Social and Climate Justice and the Anatomy of an Essay

Social and Climate Justice and the Anatomy of an Essay

Watch The Anatomy of an Essay presentation  Download The Anatomy of an Essay presentation which introduces and briefly discusses key concepts of essay writing.  Be sure you can hear the narration that goes along with the PowerPoint Presentation. After you click on the presentation, be sure to click on “slide show” and then “play from beginning.”  Also watch the the following video, which examines an example personal essay (about happiness, instead of sustainability):Play media comment.

Next, watch the following TedTalk on the intersection of climate change and social justice.  Pay close attention to the role story-telling (a part of writing) plays in her discussion.

When you have finished watching both the video and the presentation, follow the steps below towards a mini essay, which practices the techniques introduced in the presentation and video. The mini-essay should respond to the following question:

Describe a time in your life when you may have witnessed the way climate change worsened an existing social injustice.

1. FIRST! Start with Tiffany.  Before you draft your mini essay, freewrite for 5 minutes in response to the prompt above.  Freewriting is the behind-the-scenes writing, where you develop and discover ideas before you draft them and present them to an audience.  It is really essential to freewrite first so that you have something to say.  To freewrite, you simply set a timer, put your fingers on the keys (or pen to paper) and write without stopping.  Just write.  Don’t plan or judge or edit or worry about paragraphs or sentence structure.  Just let the words come however they come.  Don’t try to make it good or clear.  Just write.  This will give your mind a way to spill out every authentic thought it has about this prompt.  More often than not, you’ll be surprised by what comes out in a freewrite.  It might not be brilliant.  But it will be authentic and can inspire the idea you begin to craft into an essay.  The most important rule of a freewrite? DON’T STOP WRITING for the full 5 minutes.  And if you write beyond that 5 minutes, even better.  Keep going.  Let the ideas flow.  Include this freewrite with your submission.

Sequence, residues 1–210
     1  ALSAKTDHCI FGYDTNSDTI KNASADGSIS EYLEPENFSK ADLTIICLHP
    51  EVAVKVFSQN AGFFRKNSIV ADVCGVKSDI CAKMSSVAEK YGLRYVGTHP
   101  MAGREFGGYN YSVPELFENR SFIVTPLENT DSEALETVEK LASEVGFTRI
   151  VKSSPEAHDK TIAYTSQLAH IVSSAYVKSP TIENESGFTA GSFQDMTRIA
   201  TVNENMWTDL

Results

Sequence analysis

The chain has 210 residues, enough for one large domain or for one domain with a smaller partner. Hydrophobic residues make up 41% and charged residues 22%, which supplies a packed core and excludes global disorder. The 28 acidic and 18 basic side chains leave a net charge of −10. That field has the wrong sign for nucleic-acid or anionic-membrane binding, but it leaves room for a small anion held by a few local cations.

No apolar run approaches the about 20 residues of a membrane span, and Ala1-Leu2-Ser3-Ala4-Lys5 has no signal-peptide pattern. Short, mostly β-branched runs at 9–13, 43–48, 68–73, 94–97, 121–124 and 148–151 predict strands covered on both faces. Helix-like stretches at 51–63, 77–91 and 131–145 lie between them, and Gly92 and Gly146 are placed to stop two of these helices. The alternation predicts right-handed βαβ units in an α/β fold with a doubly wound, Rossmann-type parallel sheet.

2.  (Aunt Bea) Then, from the ideas you generate in that freewrite, on the same document, draft your mini essay (guidelines below):

1. Introduction: In 2 sentences, create the context for the discussion that will follow, in your body. Then, in one more sentence, state the ONE idea you develop with the rest of your mini essay.

2. Body:

A. In one paragraph, DESCRIBE a specific, particular experience of injustice you have had or witnessed, in 3-4 sentences.

B. In another paragraph, ANALYZE that same experience, explaining what it means to you now, in just 3-4 sentences.

3. Conclusion: Creatively emphasize, in 3 sentences, the idea you’ve developed in the body (above).

4.  Creatively title your mini essay.

3.  (Frank)  Copy and paste the above draft in your document so that you can work on your “final draft” separately. Read carefully through the copy of your mini essay, asking yourself what could work more effectively, what might cultivate more clarity or engagement, what might help you to create your personality on the page, and decide if there is anything you might delete or add.  Refine the mini essay carefully.

Submit all three parts of the assignment, in one document, here.